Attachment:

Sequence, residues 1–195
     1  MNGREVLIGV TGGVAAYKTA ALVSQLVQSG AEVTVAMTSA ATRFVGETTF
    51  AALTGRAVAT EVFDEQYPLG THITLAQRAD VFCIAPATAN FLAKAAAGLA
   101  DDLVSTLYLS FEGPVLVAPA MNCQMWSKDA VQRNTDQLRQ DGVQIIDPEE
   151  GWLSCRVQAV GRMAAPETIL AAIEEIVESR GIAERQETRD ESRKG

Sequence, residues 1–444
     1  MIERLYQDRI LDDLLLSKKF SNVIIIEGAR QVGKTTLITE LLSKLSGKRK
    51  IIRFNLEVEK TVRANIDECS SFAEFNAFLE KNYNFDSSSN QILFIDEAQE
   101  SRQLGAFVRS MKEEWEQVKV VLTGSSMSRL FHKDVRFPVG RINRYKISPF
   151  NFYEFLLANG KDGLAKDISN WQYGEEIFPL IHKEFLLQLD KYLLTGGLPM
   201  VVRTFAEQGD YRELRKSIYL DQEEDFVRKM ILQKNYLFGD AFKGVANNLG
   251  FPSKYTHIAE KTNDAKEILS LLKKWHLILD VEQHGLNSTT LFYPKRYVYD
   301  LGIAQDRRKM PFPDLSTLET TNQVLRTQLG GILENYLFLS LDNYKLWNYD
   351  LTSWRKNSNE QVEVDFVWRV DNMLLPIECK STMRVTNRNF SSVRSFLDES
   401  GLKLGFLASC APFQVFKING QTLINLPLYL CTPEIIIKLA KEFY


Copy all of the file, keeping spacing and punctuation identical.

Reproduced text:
Sequence, residues 1–195
     1  MNGREVLIGV TGGVAAYKTA ALVSQLVQSG AEVTVAMTSA ATRFVGETTF
    51  AALTGRAVAT EVFDEQYPLG THITLAQRAD VFCIAPATAN FLAKAAAGLA
   101  DDLVSTLYLS FEGPVLVAPA MNCQMWSKDA VQRNTDQLRQ DGVQIIDPEE
   151  GWLSCRVQAV GRMAAPETIL AAIEEIVESR GIAERQETRD ESRKG

Sequence, residues 1–444
     1  MIERLYQDRI LDDLLLSKKF SNVIIIEGAR QVGKTTLITE LLSKLSGKRK
    51  IIRFNLEVEK TVRANIDECS SFAEFNAFLE KNYNFDSSSN QILFIDEAQE
   101  SRQLGAFVRS MKEEWEQVKV VLTGSSMSRL FHKDVRFPVG RINRYKISPF
   151  NFYEFLLANG KDGLAKDISN WQYGEEIFPL IHKEFLLQLD KYLLTGGLPM
   201  VVRTFAEQGD YRELRKSIYL DQEEDFVRKM ILQKNYLFGD AFKGVANNLG
   251  FPSKYTHIAE KTNDAKEILS LLKKWHLILD VEQHGLNSTT LFYPKRYVYD
   301  LGIAQDRRKM PFPDLSTLET TNQVLRTQLG GILENYLFLS LDNYKLWNYD
   351  LTSWRKNSNE QVEVDFVWRV DNMLLPIECK STMRVTNRNF SSVRSFLDES
   401  GLKLGFLASC APFQVFKING QTLINLPLYL CTPEIIIKLA KEFY